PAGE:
Customer ticket numbers and allocation

Do you have particular “frequent flyers” generating tickets? Reporting can show you which customers generate the most tickets. This can help you to pinpoint any who might need some extra attention. For example, if someone is often frustrated, you can proactively intervene and perhaps prevent churn.  Frequent tickets can also be an indicator of people who are active users of your product or service.

Ticket category, tag and priority breakdown

Why are people requesting help and how urgent is it? Do you have certain categories that are always coming up? This can indicate that you may need some better knowledge base resources in that area.

Your custom fields breakdown

If you have included your own custom fields on your tickets, you can get reporting to show these too.

Average ticket numbers

You can break down the average number of tickets you usually get per month, week or day. This can help with things like forecasting staffing needs.

Your busiest periods

It’s important to know when your busiest periods are so you can plan to staff accordingly. Reporting can show you the busiest day of the month, the busiest day of the week and the busiest hour of the day.

Customer satisfaction

Your ticketing system is all about serving customers (whether your system is internal or external), so it’s important to track how well you’re doing in the eyes of the customer. Your customers can rate how satisfied they are after their ticket has been closed.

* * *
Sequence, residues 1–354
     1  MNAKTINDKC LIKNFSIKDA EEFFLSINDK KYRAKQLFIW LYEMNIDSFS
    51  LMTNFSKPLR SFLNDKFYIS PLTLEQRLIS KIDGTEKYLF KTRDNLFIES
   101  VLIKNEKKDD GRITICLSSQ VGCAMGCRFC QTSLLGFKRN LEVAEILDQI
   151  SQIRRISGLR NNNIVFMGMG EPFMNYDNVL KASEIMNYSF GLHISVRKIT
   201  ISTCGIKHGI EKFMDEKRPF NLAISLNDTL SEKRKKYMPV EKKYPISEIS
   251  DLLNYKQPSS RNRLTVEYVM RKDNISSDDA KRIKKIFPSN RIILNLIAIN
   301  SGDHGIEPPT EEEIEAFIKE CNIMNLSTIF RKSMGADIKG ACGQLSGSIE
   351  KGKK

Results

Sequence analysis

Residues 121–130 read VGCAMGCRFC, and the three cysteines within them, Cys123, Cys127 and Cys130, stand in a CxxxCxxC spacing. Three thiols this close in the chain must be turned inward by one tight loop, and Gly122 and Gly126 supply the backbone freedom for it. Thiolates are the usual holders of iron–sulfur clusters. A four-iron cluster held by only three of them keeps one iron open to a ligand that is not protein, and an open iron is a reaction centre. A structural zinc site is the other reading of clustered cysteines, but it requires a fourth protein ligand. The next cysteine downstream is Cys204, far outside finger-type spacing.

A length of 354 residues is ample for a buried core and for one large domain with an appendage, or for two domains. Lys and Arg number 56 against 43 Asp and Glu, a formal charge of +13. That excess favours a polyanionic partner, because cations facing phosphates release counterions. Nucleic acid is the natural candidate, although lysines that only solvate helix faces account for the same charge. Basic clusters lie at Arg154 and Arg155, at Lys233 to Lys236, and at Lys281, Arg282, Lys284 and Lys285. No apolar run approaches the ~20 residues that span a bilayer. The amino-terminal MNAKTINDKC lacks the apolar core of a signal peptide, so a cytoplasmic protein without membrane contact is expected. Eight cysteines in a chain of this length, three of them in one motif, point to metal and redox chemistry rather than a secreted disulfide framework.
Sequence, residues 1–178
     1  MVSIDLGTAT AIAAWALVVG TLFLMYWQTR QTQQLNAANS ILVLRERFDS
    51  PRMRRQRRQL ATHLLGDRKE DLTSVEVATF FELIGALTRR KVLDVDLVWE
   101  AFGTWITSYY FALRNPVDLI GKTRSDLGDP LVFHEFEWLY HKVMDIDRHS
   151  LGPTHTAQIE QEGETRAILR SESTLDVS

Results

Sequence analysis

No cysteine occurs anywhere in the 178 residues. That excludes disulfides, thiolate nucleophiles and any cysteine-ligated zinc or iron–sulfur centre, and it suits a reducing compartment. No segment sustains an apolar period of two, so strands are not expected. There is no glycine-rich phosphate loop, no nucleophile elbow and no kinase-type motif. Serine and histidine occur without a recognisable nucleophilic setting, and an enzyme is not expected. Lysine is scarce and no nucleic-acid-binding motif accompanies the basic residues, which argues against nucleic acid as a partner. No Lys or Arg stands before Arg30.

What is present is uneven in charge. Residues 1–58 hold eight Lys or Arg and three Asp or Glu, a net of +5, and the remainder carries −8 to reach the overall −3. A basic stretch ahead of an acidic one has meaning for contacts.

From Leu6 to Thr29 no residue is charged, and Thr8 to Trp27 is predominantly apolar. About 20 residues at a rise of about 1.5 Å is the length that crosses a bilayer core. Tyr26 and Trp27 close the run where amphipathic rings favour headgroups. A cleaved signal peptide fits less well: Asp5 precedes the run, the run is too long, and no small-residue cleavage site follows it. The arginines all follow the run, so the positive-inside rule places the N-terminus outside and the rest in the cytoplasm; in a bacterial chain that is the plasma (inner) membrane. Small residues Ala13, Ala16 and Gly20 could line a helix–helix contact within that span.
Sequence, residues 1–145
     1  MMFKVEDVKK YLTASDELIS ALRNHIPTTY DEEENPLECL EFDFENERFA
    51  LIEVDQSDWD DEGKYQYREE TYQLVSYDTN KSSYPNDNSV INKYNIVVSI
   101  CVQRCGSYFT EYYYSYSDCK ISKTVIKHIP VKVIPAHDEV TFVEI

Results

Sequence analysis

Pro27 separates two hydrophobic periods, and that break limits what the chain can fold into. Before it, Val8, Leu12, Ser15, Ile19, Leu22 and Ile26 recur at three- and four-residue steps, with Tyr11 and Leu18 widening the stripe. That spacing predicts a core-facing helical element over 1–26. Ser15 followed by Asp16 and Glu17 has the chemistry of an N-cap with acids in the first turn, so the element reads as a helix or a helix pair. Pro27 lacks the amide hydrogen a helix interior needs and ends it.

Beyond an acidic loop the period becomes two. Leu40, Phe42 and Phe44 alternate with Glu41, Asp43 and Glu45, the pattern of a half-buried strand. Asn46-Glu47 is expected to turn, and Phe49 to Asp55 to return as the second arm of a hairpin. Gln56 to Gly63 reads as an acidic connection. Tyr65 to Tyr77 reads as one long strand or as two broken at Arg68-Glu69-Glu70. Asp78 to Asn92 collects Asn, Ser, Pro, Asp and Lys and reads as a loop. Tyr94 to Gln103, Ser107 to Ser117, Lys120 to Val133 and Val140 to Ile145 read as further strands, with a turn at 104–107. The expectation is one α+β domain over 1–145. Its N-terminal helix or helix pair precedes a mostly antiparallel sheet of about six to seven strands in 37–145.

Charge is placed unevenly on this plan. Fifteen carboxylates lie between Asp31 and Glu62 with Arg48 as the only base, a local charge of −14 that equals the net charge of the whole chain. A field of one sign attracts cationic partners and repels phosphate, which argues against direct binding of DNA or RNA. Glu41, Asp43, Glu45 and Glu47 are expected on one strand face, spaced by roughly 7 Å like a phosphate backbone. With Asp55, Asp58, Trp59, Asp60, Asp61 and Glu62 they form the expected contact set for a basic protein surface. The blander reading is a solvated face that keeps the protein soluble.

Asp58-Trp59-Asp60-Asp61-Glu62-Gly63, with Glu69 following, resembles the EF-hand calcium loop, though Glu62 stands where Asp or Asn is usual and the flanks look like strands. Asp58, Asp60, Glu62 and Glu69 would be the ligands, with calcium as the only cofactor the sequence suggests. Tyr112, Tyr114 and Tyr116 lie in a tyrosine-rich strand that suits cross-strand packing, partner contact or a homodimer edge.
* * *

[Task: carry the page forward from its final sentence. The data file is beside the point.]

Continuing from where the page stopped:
“Ping-pong” rate

The “ping pong” rate refers to the average number of back and forth messages it takes to close a ticket. This can be a sign of the complexity of the ticket, but it can also be a sign that the agent needs more training to resolve the issue faster. One thing we know about customers is that too much back and forth irritates them!

5 things you can learn

What can you take away from these reports? Some key insights:

#1. Know who your high-performers are

You can identify people who may be suitable to train others or to move into supervisory roles. You can also gauge how performance reviews should be graded based on real data.

#2. Identify areas for improvement

Sometimes you’ll find a training issue, but sometimes you might find a process issue in your company too. For example, any tickets that take longer than you’d expect to resolve should be examined for this. Is the cause something systemic in your business?

#3. Identify target areas for user education